Explainer: Amid fall-out over new National Emblem cast, here’s what your child should know about its history and significance

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Prime Minister Narendra Modi on Monday unveiled a new statue of the national symbol on top of the new parliament building, calling it an “aggressive” look and an “insult to India’s national symbol” after criticism from opposition leaders.

A minister in the ruling party, however, rejected the criticism, saying the statue was a “perfect replica” of the original “without shape”.

The new national symbol cast, adopted from the lion capital of Sarnath, built during the reign of Emperor Ashoka in 250 BC, is a 9,500 kg (20,943 lb) bronze and 6.5 m high structure, located at the top of the Central Fountain. Of the new parliament building.

According to officials, Clay has gone through eight different stages of preparation, from modeling / computer graphics to bronze casting and polishing.

While the debate is still ongoing, here is what your child should know about the history and significance of the national symbol.

History and significance

The national emblem is the symbol of national identity and is a transformation of an ancient sculpture of 280 BC during the reign of the Mauryan Empire, the lion capital of Ashoka at Sarnath.

It became the symbol of the Sovereignty of India in December 1947 and later on 26 January 1950 it became the symbol of the Republic of India. In addition, the symbol was adopted from the Mundak Upanishads with the principle of ‘Satyamev Jayate’, meaning ‘Truth always wins’.

The national symbol is a three-dimensional structure where four Asiatic lions face backwards and look at the four main directions and represent courage, pride, strength and confidence. The cylindrical base on which the lions are located has four Ashoka chakras corresponding to the bust of each lion. In addition, it has carved animals like a bull, a horse and an elephant.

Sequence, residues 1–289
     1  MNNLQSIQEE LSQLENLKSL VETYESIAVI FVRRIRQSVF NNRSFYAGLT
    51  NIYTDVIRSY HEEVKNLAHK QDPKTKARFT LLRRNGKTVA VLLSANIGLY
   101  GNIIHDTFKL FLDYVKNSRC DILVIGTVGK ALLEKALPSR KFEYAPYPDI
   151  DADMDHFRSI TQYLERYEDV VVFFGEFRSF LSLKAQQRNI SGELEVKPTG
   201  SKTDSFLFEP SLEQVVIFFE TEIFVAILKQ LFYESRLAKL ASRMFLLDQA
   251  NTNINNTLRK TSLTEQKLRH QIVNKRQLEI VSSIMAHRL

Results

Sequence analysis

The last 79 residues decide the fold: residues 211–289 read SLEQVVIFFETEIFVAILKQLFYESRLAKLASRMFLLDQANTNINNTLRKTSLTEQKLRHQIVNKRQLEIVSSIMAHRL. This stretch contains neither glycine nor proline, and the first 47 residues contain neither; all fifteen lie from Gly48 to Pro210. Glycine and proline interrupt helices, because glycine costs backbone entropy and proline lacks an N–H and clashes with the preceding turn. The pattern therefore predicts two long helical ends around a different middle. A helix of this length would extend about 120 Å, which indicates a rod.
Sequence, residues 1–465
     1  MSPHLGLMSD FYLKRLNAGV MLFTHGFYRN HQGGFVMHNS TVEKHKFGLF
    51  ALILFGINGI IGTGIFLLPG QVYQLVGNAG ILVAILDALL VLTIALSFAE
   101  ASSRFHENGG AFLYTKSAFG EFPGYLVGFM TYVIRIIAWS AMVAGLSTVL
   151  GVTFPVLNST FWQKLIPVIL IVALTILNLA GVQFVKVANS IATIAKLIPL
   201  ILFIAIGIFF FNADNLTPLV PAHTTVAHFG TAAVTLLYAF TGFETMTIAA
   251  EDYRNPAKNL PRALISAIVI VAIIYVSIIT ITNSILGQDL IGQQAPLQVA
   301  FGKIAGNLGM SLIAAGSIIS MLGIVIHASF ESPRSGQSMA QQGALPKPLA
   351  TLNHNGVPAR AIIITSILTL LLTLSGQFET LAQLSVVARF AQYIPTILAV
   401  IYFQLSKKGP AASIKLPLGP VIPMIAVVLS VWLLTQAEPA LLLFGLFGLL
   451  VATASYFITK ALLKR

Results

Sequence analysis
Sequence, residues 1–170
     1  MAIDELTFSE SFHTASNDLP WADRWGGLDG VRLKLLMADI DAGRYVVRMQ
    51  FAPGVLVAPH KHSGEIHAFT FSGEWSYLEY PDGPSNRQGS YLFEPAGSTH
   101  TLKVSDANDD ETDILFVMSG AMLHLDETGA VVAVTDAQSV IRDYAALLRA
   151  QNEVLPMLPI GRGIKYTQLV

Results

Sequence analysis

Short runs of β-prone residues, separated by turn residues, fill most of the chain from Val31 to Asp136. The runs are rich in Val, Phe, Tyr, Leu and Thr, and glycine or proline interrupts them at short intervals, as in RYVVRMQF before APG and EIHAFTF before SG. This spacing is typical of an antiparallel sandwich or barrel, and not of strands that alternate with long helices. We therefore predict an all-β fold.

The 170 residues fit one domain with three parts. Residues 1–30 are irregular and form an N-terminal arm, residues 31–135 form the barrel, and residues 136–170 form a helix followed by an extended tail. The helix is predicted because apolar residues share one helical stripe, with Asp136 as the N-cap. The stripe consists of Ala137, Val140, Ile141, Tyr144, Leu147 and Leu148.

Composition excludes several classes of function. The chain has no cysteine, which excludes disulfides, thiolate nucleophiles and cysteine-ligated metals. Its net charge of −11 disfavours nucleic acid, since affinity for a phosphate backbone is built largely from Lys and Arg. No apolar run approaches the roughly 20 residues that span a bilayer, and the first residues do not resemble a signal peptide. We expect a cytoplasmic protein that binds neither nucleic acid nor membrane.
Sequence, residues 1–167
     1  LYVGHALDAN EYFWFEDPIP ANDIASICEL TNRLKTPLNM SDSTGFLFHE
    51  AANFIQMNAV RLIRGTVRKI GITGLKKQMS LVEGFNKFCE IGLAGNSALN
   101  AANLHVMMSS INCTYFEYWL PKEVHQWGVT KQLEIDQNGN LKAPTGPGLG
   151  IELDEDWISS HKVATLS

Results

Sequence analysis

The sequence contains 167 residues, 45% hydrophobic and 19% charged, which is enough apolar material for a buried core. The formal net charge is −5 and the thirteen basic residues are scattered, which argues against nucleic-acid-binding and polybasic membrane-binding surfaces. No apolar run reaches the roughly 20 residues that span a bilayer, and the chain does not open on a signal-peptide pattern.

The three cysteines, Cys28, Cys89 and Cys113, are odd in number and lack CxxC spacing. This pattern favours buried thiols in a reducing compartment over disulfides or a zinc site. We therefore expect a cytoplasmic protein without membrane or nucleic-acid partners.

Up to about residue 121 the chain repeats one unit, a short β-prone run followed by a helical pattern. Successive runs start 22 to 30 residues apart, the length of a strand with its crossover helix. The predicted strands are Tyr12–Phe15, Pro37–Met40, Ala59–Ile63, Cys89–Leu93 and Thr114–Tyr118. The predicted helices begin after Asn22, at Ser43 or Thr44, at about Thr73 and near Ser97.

According to certain Buddhist interpretations, all these creatures are said to be the Buddha’s own symbol and can carry forward the principles of religion.

Another explanation might be that the four animals represent different stages of the life of Lord Buddha.

The Ashoka Chakra is a representation of the Buddhist Chakra.

The original Lion Capital sits on an inverted lotus abacus, which does not include the national symbol.

It is located at the site of the Buddha’s first sermon, where he shared four Nobel truths with his disciples.

At present, the national symbol is the symbol of the Government of India and is the official seal of the President of India, the Central and State Governments.

The State Symbols of India (Prohibition of Improper Use) Act, 2005 prohibits the improper use of the State Symbols of India for professional and commercial purposes.




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